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Michelle Obama, Charlize Theron, Julia Gillard Speak On Glamour's Girls Education Panel

Michelle Obama, Charlize Theron, Julia Gillard Speak On Glamour's Girls Education Panel

More than 1,000 girls gathered at the historic Apollo Theater in New York City Tuesday to attend Glamour's "The Power of an Educated Girl" panel — presented by Maybelline New York and The Harnisch Foundation — which will feature special guests including First Lady Michelle Obama, former Australian Prime Minister Julia Gillard, Plan International girl advocate Nurfahada, actress and activists Charlize Theron and Sophia Bush.

Here's how you can participate:

• Follow along on social media
One Tree Hill and Chicago P.D. star Sophia Bush will be Glamour's on-site social media correspondent during the panel. Follow her on Twitter @SophiaBush and on Instagram @SophiaBush — and make sure to join in the conversation on @GlamourMag's   Twitter and Instagram using the hashtag #GlamourForEdu.

• Watch the livestream
AOL is the exclusive livestream partner for Glamour's "The Power of an Educated Girl" panel — you can watch the event from the comfort of your own screen beginning at 11 A.M. EST over on AOL's dedicated live-stream site.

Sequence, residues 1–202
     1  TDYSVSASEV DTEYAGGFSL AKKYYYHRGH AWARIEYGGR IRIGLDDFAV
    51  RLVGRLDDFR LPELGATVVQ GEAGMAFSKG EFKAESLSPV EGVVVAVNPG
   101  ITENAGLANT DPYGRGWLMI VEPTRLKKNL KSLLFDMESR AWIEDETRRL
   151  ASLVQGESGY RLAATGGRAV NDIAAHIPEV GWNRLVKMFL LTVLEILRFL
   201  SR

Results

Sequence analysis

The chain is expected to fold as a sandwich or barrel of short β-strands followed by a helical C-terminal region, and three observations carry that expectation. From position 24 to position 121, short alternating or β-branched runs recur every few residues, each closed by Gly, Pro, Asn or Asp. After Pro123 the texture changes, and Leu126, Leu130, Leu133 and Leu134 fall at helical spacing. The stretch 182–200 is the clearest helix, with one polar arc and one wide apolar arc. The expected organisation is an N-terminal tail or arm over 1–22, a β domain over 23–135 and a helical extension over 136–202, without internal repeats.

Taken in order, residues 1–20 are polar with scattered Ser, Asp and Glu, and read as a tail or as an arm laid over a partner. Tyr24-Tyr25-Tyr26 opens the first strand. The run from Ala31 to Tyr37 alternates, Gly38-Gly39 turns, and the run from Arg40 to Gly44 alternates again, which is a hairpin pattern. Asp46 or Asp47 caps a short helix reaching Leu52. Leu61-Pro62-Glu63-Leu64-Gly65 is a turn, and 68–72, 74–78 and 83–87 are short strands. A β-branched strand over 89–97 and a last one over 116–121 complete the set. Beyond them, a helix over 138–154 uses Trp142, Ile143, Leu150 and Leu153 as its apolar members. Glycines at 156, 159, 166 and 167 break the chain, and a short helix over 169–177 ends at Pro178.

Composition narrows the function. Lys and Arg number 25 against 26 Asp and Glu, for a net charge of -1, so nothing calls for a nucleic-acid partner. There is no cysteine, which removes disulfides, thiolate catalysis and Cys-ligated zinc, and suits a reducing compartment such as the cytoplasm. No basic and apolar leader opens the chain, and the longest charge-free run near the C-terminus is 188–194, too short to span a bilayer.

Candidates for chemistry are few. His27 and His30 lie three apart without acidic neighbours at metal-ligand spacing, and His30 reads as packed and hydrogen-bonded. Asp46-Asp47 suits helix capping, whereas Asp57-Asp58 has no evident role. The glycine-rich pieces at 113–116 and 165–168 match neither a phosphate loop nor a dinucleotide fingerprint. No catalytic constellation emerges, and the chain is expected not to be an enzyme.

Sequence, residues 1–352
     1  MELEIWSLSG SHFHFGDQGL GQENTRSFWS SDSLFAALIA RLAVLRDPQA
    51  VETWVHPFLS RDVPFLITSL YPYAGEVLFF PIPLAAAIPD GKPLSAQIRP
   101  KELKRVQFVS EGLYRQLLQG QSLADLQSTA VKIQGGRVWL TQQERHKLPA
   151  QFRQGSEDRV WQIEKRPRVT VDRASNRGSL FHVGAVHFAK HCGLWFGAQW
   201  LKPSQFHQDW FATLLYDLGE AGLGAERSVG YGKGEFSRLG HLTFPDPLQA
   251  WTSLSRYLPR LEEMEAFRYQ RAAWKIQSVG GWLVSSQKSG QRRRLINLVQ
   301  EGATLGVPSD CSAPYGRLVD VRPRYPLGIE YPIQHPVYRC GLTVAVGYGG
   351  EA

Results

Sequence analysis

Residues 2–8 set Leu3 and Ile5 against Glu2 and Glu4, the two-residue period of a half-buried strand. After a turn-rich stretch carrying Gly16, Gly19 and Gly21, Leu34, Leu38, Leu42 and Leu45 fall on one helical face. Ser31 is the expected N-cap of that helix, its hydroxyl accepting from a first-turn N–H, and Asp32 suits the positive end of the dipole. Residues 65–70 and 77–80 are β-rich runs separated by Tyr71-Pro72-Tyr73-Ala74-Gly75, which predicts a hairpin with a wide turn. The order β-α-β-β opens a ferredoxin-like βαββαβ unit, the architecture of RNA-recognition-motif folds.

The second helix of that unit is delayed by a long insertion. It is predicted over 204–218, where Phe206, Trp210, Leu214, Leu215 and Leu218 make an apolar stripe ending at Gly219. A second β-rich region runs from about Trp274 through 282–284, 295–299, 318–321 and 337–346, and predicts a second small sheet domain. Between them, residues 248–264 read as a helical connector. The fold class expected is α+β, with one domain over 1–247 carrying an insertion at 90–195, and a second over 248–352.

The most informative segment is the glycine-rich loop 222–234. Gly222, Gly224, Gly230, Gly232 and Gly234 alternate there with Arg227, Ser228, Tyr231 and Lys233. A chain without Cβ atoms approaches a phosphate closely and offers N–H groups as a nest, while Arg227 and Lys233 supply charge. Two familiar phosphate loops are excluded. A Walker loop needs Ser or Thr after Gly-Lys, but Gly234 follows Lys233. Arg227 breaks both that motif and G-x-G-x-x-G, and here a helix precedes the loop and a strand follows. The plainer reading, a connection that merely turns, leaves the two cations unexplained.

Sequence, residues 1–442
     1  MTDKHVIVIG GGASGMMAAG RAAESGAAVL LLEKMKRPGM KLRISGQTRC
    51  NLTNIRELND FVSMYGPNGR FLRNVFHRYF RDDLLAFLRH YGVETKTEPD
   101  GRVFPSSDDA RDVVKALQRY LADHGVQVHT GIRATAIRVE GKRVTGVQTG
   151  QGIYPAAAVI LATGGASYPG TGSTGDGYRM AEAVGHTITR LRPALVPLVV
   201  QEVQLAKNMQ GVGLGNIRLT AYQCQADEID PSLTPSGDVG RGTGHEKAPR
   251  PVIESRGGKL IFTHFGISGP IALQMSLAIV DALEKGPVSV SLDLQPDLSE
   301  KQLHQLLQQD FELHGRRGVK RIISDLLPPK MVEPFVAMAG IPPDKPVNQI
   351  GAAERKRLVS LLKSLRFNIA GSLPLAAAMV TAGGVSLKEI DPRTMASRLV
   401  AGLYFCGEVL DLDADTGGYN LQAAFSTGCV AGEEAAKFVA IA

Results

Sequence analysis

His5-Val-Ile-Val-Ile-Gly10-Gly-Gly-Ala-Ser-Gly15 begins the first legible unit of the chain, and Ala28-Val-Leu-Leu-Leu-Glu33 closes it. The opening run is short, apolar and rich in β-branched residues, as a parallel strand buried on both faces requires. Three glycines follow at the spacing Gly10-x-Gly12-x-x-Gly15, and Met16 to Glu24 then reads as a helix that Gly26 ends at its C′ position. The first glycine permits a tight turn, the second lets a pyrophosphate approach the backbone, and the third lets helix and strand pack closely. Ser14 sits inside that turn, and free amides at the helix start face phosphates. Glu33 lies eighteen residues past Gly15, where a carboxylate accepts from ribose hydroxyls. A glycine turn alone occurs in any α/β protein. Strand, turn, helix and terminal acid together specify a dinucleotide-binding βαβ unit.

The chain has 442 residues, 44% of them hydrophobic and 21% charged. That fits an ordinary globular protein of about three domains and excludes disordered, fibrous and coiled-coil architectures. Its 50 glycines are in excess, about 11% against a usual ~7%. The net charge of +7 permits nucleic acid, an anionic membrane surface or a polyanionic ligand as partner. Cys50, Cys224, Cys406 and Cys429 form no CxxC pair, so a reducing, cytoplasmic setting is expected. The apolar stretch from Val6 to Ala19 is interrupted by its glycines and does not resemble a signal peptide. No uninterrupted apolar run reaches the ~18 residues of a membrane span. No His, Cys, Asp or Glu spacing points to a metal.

• Around the world
Google for Education will bring the panel discussion to students across the globe as part of the World's Largest Lesson. Girls from countries including Kenya, Ghana, and the Philippines will be posing questions to the panelists and, after the event, the event video will be shared with schools, incorporated into future lesson plans.

Glamour's "The Power of an Educated Girl" panel will raise awareness for girls' education around the world. Our The Girl Project is dedicated to giving at-risk girls the tools they need every day — including school supplies, safe transportation, tuition, after-school programs, and more. The White House's Let Girls Learn initiative seeks to help more than 62 million girls who are not in school around the world obtain access to education and supports "community-led solutions to reduce barriers that prevent adolescent girls from completing their education."

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